“Would You Kill Or Be Killed?”

I was very moved by a programme on BBC Radio 4 this afternoon called “The Kill Factor”. Hearteningly, it seems that people are reluctant to kill. S L A Marshall, a participant from the 2nd World War wrote a study entitled “Man Against Fire” where he pointed out that only 15 – 20% of those in the firing line actually discharged their weapons so that 80% were de facto conscientious objectors – “the fear of killing was greater than the fear of being killed”. After the battle of Gettysburg in the American Civil War, it was discovered that of the 27,000 muskets recovered, 90% were still loaded and unfired.

So the army has a big task in getting soldiers to kill. It can be profoundly traumatic to do so. On the programme, those who had served in Iraq and Afghanistan talked of their disorientation when coming back to the UK. Some were either desensitised and felt nothing – one man talked of his fiancée being worried about taking him to the pub because of his violent attitude – or else had Post Traumatic Stress Disorder.

With PTSD there are several symptoms, the leading 3 being:

  • hyper-anxiety
  • hyper-vigilance
  • flash-backs

When I practised as a psychotherapist, I specialised in working with clients with PTSD. Most hadn’t had to endure the shock of killing, though their minds had been profoundly shocked by other events and experiences – accidents, abuse and assaults of various kinds. They found coping with the severity of this fear exhausting. Their bodies were constantly on the alert for danger – to the extreme of paranoia. Nowhere was safe. If waking life was frightening, then sleep if found, was riven with nightmares.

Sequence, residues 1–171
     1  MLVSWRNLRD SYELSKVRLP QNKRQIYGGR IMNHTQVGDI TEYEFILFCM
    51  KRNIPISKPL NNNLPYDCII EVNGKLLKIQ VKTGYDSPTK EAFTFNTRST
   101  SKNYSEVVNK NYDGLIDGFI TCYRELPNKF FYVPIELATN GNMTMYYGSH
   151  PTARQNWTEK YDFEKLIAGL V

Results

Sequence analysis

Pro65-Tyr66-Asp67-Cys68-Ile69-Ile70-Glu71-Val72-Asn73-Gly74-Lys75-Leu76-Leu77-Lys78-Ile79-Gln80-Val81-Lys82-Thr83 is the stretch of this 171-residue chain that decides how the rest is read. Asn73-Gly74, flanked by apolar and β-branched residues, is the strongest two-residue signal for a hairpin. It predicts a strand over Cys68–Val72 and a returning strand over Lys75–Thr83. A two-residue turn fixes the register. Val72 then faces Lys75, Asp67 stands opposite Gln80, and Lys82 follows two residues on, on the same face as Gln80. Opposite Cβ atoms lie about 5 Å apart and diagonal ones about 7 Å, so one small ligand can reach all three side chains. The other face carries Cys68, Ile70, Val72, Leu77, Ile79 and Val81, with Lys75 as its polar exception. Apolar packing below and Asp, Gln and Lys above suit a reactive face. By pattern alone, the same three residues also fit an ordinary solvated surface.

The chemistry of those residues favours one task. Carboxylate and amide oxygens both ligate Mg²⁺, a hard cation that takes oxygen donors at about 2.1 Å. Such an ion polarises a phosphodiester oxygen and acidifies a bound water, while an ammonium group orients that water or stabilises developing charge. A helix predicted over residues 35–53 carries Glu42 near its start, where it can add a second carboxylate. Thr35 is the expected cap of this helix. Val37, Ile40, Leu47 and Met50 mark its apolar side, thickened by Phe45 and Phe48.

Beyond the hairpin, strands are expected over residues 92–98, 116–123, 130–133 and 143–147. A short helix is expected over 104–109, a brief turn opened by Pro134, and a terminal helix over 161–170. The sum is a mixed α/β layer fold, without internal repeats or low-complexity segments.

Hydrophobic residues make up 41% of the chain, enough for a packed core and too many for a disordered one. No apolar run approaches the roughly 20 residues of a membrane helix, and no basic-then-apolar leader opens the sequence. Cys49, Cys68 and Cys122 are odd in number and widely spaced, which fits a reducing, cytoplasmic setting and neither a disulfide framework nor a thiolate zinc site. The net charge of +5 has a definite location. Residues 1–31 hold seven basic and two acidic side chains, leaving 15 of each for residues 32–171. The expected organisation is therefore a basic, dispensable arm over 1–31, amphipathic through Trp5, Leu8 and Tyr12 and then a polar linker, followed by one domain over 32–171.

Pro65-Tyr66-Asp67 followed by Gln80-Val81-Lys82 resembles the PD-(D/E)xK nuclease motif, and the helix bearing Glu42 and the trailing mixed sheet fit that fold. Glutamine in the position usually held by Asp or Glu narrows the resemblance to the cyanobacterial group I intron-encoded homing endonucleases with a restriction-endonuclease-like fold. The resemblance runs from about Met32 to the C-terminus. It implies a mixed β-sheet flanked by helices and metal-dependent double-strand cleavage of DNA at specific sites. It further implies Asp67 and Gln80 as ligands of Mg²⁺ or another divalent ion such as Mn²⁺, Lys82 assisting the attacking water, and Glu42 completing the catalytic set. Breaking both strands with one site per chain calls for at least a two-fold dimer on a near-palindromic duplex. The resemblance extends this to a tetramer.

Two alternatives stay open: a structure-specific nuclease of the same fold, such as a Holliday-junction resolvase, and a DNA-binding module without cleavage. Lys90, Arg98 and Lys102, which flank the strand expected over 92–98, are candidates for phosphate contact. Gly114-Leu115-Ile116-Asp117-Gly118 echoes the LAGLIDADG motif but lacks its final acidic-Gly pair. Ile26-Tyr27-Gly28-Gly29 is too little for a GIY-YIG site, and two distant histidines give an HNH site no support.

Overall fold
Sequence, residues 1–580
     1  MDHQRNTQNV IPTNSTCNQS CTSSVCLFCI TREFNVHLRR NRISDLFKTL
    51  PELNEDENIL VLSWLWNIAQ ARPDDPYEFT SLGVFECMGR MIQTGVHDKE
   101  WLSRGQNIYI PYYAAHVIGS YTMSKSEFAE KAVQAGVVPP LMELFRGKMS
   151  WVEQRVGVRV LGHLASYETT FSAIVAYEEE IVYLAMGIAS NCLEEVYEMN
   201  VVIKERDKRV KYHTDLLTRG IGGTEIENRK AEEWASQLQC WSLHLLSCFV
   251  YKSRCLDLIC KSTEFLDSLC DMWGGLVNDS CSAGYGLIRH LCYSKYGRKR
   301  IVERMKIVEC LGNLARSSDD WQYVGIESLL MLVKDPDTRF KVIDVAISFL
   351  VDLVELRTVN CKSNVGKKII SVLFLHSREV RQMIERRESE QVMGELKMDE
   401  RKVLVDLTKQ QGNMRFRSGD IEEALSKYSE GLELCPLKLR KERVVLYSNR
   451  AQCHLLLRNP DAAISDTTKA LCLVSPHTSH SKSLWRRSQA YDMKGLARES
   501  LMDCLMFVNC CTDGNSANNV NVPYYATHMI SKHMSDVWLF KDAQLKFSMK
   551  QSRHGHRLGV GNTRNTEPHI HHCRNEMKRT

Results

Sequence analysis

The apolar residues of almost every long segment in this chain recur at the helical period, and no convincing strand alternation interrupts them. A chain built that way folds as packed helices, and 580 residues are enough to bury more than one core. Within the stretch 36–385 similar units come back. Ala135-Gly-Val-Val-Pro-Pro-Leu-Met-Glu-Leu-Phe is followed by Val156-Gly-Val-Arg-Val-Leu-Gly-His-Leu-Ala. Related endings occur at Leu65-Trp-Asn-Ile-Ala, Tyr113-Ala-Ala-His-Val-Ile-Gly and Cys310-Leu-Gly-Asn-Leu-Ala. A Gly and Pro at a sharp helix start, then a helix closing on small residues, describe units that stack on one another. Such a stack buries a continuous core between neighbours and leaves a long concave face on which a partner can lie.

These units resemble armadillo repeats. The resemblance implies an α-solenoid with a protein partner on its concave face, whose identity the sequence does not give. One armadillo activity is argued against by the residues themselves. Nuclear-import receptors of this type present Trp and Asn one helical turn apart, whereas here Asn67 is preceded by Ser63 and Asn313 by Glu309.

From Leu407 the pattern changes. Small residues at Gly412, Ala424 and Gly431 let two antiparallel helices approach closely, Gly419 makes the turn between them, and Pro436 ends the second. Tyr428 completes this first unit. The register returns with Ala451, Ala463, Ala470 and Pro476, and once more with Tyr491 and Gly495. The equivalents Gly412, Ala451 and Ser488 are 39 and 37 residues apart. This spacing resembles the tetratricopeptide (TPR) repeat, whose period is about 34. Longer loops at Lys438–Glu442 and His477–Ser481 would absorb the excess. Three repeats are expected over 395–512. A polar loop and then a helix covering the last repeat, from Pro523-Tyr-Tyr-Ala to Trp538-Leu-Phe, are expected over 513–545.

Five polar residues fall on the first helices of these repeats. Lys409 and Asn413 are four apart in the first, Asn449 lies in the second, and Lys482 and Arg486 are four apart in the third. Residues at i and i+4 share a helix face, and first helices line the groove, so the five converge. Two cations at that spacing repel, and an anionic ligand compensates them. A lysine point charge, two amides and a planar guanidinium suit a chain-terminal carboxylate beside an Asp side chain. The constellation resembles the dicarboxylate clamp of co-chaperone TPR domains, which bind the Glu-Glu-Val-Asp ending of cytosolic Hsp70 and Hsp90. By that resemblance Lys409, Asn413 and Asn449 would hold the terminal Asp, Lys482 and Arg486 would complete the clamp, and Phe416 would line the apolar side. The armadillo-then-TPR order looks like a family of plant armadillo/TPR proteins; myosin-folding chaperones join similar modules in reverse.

In this state, the body is used to handling extreme level of tension. It seems to be normal. A first step I often took was to bring clients into their bodies rather than focusing on what their minds were dwelling on. So I got them to tense up very tightly – starting with making hands into fists, then arms, shoulders, face ….. until their whole body was rigid – then suddenly to release, to let go. The contrast was a revelation to them. That release was my opportunity to teach them self hypnosis – a deep form of relaxation that helped keep them insulated against the hyper-vigilance.

Relaxation helps you find your courage. It gives you a much clearer picture of what is a threat and what is safe. Being relaxed helps you to focus on what is truly going on around you so you react appropriately. Being relaxed influences and inspires others to relax in your company. People who are relaxed listen more easily. In order to become an influential leader, learning to relax is a powerful key to influencing others.

“Courage is the price that life exacts for granting peace.” Amelia Earhart


About anrah

Anrah is a business development consultancy specialising in helping senior women in engineering and science, their teams and doctoral students increase 'presence', improve communication and generate impact to win stakeholder buy-in at the highest level.
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